) has been heavily promoting the wide-area radio-networking technology as a great way to break free of cords and cables and deliver superfast Web surfing pretty much anywhere. But many U.S. cellular and local-phone companies have barely acknowledged these possibilities, as they pursue other technologies like fiber and next-generation cell networks.
That may change significantly with Intel's announcement Oct. 25 that it plans to invest an undisclosed sum in cellular industry pioneer and billionaire Craig McCaw's latest company, Clearwire. The two plan to collaborate on WiMax standards, and Clearwire will use Intel's upcoming chips in its networking equipment.
FAST AND CHEAP. McCaw already owns significant wireless spectrum across the U.S. and is deploying fixed-wireless broadband similar to WiMax in parts of Mexico and Canada. He recently debuted the service in Jacksonville, Fla. McCaw's endorsement of Intel's technology could bring significant new competition to entrenched wireless players.
It also could upset common thinking that WiMax first will spread in Asia and parts of Europe before reaching U.S. shores years from now. "We see this as an opportunity to complement our existing technology with an even better approach to wireless that enables us to serve broad geographic areas," McCaw says.
Intel Executive Vice-President Sean Maloney believes WiMax could be a disruptive technology for broadband providers, including both cable and digital subscriber line (DSL) companies, when it begins to roll out in late 2005 and early 2006. It offers speeds that can approach 30 megabits a second, at just a fraction the cost of deploying other technologies.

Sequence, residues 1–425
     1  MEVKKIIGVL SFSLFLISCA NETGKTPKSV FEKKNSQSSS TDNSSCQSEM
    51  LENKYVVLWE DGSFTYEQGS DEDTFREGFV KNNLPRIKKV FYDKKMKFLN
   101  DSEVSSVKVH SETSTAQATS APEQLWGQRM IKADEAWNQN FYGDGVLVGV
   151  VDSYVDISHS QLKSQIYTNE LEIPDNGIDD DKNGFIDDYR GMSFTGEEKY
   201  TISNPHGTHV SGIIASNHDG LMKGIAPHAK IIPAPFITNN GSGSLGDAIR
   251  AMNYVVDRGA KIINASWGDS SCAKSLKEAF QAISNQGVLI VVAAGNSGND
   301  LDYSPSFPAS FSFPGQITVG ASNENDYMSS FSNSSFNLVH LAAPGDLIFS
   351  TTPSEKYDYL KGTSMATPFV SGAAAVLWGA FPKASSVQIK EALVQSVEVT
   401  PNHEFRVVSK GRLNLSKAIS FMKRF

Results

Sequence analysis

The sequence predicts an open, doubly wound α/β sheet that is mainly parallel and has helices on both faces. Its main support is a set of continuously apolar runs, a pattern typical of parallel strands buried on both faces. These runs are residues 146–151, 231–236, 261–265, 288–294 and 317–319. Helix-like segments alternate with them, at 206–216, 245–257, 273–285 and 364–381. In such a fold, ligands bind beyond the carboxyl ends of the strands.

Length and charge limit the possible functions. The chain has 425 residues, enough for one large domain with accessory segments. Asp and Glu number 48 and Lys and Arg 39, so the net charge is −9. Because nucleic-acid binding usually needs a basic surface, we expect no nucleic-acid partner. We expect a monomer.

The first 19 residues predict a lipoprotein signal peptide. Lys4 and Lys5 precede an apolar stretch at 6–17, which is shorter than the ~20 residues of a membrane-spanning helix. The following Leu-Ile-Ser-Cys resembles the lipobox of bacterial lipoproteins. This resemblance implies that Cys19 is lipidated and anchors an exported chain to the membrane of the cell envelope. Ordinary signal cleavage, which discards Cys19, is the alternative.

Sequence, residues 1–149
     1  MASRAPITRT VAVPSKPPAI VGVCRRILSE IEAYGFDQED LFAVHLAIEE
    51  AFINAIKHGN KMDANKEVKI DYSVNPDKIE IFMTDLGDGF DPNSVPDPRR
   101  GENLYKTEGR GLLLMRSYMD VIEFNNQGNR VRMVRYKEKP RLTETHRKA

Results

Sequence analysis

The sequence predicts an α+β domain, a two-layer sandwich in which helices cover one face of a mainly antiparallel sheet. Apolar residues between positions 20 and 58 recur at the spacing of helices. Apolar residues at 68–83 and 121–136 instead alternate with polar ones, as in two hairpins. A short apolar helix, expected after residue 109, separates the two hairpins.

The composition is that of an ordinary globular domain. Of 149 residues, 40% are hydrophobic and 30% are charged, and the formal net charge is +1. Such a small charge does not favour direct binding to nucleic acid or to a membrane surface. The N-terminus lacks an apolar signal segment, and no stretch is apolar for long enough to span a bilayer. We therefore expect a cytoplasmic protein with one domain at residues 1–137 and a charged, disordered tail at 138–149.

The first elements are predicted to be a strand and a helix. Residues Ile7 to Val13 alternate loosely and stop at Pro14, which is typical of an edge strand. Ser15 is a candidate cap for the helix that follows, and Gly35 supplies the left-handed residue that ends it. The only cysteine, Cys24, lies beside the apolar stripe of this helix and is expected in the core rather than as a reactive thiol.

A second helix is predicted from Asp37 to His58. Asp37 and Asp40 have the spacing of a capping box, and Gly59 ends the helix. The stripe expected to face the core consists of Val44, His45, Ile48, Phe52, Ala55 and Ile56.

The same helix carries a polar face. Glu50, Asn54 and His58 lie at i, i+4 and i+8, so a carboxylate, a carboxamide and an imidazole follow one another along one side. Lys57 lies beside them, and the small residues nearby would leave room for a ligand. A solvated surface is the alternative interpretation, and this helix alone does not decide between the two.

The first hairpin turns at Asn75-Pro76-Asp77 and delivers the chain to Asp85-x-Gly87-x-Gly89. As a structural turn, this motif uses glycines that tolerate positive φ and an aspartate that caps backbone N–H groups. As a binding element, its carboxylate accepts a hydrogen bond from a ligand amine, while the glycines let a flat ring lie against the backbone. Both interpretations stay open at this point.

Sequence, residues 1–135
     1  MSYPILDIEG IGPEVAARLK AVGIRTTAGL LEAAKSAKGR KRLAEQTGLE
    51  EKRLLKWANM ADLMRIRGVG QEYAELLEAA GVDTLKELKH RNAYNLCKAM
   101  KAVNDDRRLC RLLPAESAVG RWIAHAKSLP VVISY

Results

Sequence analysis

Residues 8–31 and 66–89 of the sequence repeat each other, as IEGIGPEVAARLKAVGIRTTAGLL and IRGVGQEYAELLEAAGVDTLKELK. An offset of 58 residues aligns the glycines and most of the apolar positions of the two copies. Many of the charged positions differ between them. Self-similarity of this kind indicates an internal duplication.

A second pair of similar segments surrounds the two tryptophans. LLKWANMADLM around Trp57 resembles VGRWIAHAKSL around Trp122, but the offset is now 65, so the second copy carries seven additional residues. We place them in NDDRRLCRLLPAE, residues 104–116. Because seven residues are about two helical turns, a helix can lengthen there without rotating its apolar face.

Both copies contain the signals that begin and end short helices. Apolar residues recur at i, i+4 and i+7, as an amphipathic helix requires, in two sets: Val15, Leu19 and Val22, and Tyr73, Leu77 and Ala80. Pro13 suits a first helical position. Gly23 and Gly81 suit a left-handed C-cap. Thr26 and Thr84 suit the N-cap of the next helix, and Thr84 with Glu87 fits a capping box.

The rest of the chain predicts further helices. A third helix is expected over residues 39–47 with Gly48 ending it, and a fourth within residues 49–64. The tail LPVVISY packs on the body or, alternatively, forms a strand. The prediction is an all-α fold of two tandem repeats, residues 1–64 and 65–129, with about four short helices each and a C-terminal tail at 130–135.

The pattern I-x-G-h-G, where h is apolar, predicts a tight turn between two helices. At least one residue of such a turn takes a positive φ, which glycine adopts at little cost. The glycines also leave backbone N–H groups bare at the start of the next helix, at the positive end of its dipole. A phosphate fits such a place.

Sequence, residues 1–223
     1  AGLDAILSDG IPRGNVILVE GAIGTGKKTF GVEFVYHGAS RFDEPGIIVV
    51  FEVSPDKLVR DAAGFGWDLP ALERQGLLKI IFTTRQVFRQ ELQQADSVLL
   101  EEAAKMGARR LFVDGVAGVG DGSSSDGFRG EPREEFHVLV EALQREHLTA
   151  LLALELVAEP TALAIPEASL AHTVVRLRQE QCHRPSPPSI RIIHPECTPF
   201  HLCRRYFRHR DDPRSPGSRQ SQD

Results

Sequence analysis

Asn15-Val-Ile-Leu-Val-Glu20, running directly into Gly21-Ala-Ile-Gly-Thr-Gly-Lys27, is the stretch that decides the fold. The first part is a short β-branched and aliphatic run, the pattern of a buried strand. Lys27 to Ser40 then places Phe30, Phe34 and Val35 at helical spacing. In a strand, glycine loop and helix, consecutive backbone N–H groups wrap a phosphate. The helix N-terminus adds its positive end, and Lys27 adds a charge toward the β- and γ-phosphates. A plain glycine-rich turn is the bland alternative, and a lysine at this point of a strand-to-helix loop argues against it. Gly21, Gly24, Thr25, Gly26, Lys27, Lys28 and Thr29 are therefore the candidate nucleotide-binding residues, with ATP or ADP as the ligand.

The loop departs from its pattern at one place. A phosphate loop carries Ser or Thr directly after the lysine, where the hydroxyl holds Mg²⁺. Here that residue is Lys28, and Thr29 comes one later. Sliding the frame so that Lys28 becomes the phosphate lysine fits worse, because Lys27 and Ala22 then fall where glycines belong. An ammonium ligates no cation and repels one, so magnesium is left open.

GATHERING STEAM. For instance, Verizon (VZ
) on Oct. 21 announced plans to introduce its advanced fiber-optic broadband technology to six Northeast states. But some Wall Street analysts have questioned whether the carrier can recoup the billions of dollars it will take to tear up streets and garden beds to bring such connections to the home, particularly as intense competition from cable companies could lead to broadband price wars.
"Carriers, equipment makers, and solution providers around the world are moving quickly to lay the foundation for building this new global network," Maloney said during an opening keynote address at the CTIA Wireless trade show ending Oct. 27 in San Francisco.
Intel isn't wasting any time. It has committed to investing at least $150 million to popularize WiMax. The chipmaker also is signing up heavyweights such as Cisco Systems (CSCO
), Alcatel (ALA
), Nokia (NOK
), and Symbol Technologies (SBL
) to push the technology. And with McCaw now aboard the WiMax express, the high-speed wireless war may be intensifying. Edwards is a correspondent in BusinessWeek's Silicon Valley bureau